WordPress has been getting a lot of bad press the last few days, as a worm is out in the wild exploiting a security vulnerability. This is leading to somewhat unfair comparisons with Windows, and thoughtful articles from John Gruber and Maciej Ceglowski.
To be sure, the ease of programming in PHP leads a great many people to contribute to projects, who may not have the experience or security awareness they should. This is not helped by poorly designed features in PHP that were enabled by default in previous versions, and cannot always be disabled outright due to legacy compatibility concerns, reminiscent of the persistent security woes due to the C standard library’s insecure old string processing facilities.
For many users, migrating away from WordPress may not be a practical option. My recommendations would be:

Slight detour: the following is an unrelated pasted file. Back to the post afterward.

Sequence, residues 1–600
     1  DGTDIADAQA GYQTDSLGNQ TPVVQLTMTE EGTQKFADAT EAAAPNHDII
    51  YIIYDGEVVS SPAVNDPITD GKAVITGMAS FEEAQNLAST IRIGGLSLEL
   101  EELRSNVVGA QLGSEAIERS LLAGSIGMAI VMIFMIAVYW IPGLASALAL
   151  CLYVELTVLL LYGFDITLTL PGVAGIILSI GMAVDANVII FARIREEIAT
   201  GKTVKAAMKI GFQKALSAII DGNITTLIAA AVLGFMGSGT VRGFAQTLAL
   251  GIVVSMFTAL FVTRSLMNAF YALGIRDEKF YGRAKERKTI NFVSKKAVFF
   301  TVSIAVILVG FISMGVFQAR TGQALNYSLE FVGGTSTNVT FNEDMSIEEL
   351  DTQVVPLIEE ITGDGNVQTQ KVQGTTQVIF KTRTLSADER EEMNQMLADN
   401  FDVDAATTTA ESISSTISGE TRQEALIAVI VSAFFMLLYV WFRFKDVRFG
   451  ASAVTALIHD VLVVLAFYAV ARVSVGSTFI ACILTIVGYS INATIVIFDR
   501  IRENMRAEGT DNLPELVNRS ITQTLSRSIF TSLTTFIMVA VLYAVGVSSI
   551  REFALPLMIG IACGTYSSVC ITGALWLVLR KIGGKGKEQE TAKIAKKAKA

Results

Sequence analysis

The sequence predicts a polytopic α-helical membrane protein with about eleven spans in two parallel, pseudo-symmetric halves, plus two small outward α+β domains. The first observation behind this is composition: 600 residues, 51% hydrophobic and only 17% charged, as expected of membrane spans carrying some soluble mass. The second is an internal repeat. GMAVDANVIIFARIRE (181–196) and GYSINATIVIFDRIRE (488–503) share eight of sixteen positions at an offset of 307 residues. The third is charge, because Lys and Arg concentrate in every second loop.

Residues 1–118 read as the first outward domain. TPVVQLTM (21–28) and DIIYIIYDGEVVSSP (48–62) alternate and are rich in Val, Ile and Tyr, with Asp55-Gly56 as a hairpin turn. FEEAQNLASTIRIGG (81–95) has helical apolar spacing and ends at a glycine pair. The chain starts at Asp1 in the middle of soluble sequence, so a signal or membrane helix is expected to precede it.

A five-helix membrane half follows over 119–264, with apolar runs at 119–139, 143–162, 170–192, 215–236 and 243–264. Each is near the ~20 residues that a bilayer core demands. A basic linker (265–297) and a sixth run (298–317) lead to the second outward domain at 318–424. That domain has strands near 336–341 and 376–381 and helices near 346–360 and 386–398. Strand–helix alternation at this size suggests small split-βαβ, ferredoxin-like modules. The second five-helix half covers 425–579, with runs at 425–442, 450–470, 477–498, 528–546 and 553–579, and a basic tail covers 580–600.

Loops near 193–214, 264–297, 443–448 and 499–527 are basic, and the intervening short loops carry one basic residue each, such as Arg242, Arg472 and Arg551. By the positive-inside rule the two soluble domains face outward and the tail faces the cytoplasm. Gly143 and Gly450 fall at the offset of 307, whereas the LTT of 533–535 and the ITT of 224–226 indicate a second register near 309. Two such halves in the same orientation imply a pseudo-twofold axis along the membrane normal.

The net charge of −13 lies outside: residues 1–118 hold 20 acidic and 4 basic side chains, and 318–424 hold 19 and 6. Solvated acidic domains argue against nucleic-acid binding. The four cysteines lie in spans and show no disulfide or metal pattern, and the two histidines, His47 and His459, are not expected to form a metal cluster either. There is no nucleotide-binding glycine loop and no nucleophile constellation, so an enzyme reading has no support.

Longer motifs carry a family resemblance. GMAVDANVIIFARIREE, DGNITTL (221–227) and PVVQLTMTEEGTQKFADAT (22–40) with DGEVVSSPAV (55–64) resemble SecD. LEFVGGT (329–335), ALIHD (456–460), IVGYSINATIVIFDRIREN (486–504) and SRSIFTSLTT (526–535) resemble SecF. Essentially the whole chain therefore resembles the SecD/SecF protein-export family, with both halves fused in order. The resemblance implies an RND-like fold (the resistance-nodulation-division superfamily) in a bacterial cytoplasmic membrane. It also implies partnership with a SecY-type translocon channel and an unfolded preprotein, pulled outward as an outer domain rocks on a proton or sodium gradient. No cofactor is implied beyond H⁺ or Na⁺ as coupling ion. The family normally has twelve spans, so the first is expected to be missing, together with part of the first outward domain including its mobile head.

- Reduce your exposure by exporting a static HTML version of your site, as suggested by Maciej. This is really only simple if you use a non-default permalink structure that does not use question mark characters in URLs, like that used by the SEO plugins. Otherwise you would need quite a bit of mod_rewrite jiggery-pokery to get it to work. In any case, this will also disable quite a bit of functionality on your site, such as comments.
- If you are an Apache user, install modsecurity, a truly outstanding Apache module that acts as a firewall of sorts and will inspect requests for suspicious behavior like SQL injection attempts and malformed requests. Configuring modsecurity is not for the faint of heart, but there are some papers online like this one by Daniel Cuthbert (PDF) that walk you through this. This is probably the single most significant thing you can do to make your WordPress blog safer.
- Practice security in depth — keep regular backups of both your wordpress directory and database, so you can recover in case of attack, and if possible run WordPress in an isolated account with minimal privileges.